At the end of September 2000 mozdev.org went live hosting the original Alphanumerica projects. At launch it was announced that any other Mozilla developer was welcome to start their own project on the site as well. In the two years since then, more than 80 projects have been started or moved to the site.
Where does it fit?
There are many different sites that provide information, tools and resources to the Mozilla community. mozdev does not try to duplicate any of the effort already being put into these other sites, but instead focuses on assisting Mozilla application developers.
For example, mozilla.org provides a lot of the same development tools and resources as mozdev does including bugzilla, cvs hosting and newsgroups. Although both sites have similar tools, the focus is on different things. The mozilla.org site focuses on developing the core Mozilla source code. The projects hosted on mozdev create applications and add-ons that are based on top of that source code.
There are also several great Mozilla advocacy sites, including mozillaZine, MozillaNews and O'Reilly's Mozilla DevCenter, that are already providing current news to the community. The news on mozdev is focused on the projects and tools hosted there, so the mozdev news shouldn't overlap with the news already being covered by these sites.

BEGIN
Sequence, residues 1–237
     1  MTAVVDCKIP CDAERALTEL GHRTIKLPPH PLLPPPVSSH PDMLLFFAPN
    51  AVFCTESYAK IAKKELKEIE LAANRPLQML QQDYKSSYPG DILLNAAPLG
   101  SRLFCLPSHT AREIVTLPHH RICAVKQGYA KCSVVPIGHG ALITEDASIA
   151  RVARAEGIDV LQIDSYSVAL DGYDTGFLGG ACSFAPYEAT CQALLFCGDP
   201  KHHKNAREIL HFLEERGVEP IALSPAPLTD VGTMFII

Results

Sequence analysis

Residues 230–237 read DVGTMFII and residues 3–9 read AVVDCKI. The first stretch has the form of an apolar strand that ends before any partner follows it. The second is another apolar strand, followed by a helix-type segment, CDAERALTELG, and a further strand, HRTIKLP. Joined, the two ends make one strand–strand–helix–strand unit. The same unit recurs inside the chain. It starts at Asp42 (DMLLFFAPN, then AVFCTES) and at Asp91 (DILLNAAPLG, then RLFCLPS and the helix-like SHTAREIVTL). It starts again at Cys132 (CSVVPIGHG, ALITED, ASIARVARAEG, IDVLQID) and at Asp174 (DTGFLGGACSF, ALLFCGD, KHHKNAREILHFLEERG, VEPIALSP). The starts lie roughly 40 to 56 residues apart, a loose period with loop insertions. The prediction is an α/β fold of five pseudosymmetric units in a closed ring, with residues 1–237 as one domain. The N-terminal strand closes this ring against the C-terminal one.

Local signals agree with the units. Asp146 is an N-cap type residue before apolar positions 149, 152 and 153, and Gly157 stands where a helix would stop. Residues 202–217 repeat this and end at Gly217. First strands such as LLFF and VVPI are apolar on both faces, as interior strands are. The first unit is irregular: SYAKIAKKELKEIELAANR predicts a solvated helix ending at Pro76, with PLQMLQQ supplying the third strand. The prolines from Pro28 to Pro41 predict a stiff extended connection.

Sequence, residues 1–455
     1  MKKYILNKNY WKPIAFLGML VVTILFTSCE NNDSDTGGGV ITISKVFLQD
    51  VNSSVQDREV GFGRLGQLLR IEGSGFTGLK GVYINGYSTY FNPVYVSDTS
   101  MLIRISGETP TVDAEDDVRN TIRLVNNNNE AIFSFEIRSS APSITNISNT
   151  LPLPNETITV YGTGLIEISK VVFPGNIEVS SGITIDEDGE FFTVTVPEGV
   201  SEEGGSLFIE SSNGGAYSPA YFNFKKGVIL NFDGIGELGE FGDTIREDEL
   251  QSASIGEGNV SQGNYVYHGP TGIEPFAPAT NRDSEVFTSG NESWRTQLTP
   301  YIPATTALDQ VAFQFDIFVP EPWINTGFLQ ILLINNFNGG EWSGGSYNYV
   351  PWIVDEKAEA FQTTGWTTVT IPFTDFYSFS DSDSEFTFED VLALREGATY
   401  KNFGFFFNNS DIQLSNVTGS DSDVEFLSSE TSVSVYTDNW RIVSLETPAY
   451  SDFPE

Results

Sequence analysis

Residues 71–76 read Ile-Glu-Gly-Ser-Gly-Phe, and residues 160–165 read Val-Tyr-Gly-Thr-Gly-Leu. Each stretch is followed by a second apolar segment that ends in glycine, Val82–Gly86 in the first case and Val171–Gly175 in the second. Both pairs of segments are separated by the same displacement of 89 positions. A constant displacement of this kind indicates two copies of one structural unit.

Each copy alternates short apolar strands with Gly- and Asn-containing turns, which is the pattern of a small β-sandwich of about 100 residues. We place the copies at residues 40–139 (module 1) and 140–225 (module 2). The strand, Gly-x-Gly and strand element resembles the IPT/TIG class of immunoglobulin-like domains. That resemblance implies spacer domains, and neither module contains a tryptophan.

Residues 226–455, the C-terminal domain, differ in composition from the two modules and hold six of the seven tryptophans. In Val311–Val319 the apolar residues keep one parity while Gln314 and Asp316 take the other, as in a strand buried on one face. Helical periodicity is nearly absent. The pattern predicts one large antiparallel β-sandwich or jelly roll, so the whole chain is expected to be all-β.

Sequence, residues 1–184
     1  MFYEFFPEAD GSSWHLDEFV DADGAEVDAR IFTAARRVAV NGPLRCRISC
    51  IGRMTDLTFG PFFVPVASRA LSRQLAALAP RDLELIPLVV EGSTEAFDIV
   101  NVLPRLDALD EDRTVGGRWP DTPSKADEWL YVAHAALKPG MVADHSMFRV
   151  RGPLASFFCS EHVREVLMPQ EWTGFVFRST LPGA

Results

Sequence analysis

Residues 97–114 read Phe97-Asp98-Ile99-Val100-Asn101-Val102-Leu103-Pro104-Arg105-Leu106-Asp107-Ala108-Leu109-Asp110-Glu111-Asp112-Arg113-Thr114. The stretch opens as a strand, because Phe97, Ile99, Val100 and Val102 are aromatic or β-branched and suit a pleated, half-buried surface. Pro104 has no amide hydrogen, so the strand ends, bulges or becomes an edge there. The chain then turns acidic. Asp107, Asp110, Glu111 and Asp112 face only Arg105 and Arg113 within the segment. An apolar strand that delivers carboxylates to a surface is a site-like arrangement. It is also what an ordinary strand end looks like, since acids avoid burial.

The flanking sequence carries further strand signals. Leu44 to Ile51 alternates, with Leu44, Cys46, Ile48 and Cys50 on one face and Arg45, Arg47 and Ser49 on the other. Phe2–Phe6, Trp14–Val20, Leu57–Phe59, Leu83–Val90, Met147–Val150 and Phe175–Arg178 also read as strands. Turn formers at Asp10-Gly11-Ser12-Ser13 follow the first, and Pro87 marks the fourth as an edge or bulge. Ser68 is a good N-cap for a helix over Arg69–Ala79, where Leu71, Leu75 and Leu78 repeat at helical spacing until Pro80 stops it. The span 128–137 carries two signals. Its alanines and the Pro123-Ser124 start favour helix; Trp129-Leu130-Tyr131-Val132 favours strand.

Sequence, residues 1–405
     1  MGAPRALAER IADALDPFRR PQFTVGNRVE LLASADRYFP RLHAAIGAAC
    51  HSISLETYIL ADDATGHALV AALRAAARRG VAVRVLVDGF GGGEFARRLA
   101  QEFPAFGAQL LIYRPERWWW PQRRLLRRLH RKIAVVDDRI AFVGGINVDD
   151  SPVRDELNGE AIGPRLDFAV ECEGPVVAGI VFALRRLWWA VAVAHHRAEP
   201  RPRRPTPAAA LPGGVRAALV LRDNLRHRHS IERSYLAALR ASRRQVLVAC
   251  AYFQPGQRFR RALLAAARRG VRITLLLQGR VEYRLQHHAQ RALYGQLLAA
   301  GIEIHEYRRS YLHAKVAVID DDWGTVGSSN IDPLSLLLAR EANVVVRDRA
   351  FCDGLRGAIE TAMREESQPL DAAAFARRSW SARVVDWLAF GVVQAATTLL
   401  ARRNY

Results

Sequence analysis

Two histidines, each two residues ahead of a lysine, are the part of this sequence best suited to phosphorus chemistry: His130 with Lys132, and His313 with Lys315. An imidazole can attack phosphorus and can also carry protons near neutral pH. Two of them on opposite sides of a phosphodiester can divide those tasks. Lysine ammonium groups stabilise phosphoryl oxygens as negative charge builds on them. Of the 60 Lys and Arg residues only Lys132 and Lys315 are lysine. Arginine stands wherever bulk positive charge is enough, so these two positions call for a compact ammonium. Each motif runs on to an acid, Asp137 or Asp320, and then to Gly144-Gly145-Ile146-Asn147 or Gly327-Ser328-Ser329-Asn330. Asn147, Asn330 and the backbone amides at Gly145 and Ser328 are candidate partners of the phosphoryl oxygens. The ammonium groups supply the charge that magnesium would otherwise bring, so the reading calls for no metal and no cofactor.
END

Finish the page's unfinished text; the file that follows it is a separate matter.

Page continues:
What Is Hosted There?
There are a wide variety of different projects currently being hosted on mozdev ranging from Abzilla, a project that is working on adding LDAP support to the address book, to XULmine, a XUL-based version of Minesweeper. There are other gaming projects hosted on the site, such as Amoeba which is a game engine that allows anyone to create classic "super nintendo" or "early final fantasy" style games. There are also several arcade style games that can be found at the Games project, including Mozinvaders, Mozteroids, Pagman and Xultris.